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Shareholder Empowerment and Bank Bailouts

Author

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  • Daniel Ferreira
  • David Kershaw
  • Tom Kirchmaier
  • Edmund Schuster

Abstract

We investigate the hypothesis that shareholder empowerment may have led to more bank bailouts during the recent financial crisis. To test this hypothesis, we propose a management insulation index based on banks’ charter and by-law provisions and on the provisions of the applicable state corporate law that make it difficult for shareholders to oust a firm’s management. Our index is both conceptually and practically different from the existing alternatives. In a sample of US commercial banks, we show that management insulation is a good predictor of bank bailouts: banks in which managers are fully insulated from shareholders are roughly 19 to 26 percentage points less likely to be bailed out. We also find that banks in which the management insulation index was reduced between 2003 and 2006 are more likely to be bailed out. We discuss alternative interpretations of the evidence. The evidence is mostly consistent with the hypothesis that banks in which shareholders were more empowered performed poorly during the crisis.

Suggested Citation

  • Daniel Ferreira & David Kershaw & Tom Kirchmaier & Edmund Schuster, "undated". "Shareholder Empowerment and Bank Bailouts," FMG Discussion Papers dp714, Financial Markets Group.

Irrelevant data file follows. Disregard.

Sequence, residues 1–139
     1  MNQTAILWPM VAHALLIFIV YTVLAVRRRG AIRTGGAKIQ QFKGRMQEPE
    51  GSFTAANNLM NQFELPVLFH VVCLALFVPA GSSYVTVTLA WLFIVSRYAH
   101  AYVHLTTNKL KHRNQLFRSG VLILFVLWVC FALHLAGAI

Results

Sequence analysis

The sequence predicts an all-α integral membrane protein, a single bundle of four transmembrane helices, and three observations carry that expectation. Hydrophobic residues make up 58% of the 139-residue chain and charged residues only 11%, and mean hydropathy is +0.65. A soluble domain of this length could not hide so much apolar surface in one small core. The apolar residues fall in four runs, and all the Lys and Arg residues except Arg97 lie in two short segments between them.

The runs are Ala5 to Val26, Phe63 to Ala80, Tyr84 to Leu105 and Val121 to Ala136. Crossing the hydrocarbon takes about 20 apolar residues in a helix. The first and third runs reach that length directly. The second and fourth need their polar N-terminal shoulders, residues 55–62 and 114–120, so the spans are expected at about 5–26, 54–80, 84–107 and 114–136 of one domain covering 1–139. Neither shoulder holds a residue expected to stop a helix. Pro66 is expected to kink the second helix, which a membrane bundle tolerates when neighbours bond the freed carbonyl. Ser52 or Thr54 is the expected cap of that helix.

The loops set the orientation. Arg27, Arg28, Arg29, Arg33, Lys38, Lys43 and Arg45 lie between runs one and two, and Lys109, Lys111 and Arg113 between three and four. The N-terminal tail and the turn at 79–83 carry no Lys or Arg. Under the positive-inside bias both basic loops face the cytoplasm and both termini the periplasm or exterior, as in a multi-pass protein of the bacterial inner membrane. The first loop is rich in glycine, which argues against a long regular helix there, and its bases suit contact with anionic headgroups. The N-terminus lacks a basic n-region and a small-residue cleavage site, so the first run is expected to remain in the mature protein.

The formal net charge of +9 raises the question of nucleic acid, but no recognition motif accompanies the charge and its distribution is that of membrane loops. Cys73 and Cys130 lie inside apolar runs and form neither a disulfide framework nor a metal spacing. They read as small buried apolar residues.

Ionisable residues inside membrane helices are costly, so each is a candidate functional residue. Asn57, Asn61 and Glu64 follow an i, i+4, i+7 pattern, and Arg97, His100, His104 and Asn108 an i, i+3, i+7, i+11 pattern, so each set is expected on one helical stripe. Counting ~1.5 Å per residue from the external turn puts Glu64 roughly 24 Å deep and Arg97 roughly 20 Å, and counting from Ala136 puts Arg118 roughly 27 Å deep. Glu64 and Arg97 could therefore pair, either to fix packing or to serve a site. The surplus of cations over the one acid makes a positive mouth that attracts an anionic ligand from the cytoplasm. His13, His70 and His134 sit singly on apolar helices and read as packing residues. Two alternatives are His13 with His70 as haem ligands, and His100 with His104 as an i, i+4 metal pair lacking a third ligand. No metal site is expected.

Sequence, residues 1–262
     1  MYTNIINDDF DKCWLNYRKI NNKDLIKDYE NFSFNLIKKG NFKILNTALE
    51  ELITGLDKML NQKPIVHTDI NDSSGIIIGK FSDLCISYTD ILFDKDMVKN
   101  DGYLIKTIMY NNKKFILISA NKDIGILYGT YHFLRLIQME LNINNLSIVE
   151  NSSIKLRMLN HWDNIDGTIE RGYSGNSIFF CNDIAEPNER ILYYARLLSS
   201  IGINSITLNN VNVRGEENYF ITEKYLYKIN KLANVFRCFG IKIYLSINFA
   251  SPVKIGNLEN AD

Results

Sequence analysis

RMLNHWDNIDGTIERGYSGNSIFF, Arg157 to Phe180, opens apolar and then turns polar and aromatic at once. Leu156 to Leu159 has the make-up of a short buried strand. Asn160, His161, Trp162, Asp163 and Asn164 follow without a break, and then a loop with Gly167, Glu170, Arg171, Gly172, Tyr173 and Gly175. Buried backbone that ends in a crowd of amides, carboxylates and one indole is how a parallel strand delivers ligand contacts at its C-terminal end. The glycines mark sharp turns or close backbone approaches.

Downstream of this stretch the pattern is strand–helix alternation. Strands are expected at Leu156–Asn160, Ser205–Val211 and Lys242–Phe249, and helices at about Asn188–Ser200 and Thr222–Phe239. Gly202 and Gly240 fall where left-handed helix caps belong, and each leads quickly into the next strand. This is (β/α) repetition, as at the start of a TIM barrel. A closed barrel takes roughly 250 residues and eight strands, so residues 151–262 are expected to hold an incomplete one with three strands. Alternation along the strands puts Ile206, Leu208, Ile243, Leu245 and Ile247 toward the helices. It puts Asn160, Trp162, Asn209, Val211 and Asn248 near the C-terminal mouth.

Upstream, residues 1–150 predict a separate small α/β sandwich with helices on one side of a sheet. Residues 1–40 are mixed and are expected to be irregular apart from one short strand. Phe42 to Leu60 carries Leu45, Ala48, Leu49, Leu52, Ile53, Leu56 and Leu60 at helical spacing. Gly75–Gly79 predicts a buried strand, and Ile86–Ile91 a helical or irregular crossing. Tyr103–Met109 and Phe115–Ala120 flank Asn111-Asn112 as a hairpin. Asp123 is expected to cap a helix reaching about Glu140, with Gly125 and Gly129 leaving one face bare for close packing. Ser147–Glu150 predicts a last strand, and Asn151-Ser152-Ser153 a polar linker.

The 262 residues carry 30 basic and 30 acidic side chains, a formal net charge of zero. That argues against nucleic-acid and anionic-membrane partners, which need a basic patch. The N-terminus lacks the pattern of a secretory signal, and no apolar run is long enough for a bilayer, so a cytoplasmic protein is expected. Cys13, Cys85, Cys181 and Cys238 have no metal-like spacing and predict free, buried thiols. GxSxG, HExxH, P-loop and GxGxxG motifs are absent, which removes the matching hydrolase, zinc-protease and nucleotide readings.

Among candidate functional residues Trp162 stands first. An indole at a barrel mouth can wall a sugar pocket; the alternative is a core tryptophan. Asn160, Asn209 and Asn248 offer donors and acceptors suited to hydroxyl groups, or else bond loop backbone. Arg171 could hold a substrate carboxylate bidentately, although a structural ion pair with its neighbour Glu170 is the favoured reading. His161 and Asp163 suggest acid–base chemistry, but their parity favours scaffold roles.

• Handle: RePEc:fmg:fmgdps:dp714
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    References listed on IDEAS

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    Cited by:

    1. Dionysia Katelouzou & Mathias Siems, 2015. "Disappearing Paradigms in Shareholder Protection: Leximetric Evidence for 30 Countries, 1990-2013," Working Papers wp467, Centre for Business Research, University of Cambridge.
    2. Ellis, Luci & Haldane, Andy & Moshirian, Fariborz, 2014. "Systemic risk, governance and global financial stability," Journal of Banking & Finance, Elsevier, vol. 45(C), pages 175-181.
    3. Lorenzo Sasso, 2016. "Bank Capital Structure and Financial Innovation: Antagonists or Two Sides of the Same Coin?," HSE Working papers WP BRP 66/LAW/2016, National Research University Higher School of Economics.

    More about this item

    JEL classification:

    • F3 - International Economics - - International Finance
    • G3 - Financial Economics - - Corporate Finance and Governance

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